Chieka was adamant on the importance of the team but also added, “Everybody has the right to believe (in what they want) and we respect that right. We’re not moral judges and no one should be“.
The Sydney Morning Herald interviewed Folau on Sunday after church in western Sydney where he said he was being persecuted for his faith.
“First and foremost, I live for God now,” Folau said. “Whatever He wants me to do, I believe His plans for me are better than whatever I can think.
“If that’s not to continue on playing, so be it. In saying that, obviously I love playing footy and if it goes down that path I’ll definitely miss it. But my faith in Jesus Christ is what comes first.“
Exactly twelve months ago, Israel Folau contributed an article to the PlayersVoice where he articulated his position after his initial foray into social media condemning homosexuals to hell.
So in the end, the boy from Minto, NSW, who played rugby league at Marsden State High School in Brisbane, will not be on the plane to Japan for the Rugby World Cup in September. A dual international for rugby league and union with a flutter at AFL in the middle will not been seen on a professional rugby field in this country wearing our National or Waratah colours.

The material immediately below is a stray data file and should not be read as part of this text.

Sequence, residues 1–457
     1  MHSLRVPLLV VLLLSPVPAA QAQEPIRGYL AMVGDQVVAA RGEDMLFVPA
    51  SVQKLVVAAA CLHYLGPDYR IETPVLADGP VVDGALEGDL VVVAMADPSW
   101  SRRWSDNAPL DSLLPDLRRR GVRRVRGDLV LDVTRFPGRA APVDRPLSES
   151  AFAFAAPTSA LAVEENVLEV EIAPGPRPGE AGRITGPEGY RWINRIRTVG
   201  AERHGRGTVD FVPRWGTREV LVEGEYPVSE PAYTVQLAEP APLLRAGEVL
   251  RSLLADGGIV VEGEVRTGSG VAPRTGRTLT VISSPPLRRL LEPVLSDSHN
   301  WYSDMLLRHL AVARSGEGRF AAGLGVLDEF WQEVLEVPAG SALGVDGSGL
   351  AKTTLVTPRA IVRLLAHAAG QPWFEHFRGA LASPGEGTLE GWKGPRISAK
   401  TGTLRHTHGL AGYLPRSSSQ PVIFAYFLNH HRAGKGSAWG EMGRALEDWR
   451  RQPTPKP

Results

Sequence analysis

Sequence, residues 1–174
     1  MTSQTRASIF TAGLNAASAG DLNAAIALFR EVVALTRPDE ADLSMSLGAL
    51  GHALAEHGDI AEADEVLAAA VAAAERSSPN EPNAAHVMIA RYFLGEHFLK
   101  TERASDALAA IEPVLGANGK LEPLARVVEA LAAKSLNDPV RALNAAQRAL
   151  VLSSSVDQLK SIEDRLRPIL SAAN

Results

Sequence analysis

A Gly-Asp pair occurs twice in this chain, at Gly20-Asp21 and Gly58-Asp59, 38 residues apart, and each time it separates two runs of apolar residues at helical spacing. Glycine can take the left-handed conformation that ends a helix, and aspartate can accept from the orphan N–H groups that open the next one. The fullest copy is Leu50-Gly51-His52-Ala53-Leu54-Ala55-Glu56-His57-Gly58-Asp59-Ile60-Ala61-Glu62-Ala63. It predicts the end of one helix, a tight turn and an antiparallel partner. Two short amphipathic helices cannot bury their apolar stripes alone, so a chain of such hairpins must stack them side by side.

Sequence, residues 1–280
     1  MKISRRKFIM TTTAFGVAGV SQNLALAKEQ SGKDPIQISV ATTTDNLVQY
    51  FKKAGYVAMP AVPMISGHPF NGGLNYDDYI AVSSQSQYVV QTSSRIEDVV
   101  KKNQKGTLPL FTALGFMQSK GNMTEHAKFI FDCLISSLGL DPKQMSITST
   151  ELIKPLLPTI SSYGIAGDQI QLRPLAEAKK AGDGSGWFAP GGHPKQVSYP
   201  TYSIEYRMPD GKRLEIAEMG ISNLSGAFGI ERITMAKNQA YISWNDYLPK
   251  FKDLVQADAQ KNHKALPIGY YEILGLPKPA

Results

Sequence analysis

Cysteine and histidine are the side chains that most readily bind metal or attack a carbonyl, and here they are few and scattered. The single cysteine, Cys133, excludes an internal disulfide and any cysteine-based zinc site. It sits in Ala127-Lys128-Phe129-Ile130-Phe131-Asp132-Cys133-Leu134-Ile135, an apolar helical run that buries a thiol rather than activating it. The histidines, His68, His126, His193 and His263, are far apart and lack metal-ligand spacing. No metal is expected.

Once again I would like to thank you for the pleasure of watching your athleticism on the field since you ran out as a young 17 year old for the Melbourne Storm in the NRL in 2007, your rugby league contributions to the Queensland State of Origin side & the Kangaroos; and especially your 62 test matches for the Wallabies. You have your convictions to the Christian faith, of which I respect, and you stand by that. You appear comfortable in your demeanor with peace in your heart.
Wishing you the best for your life in the future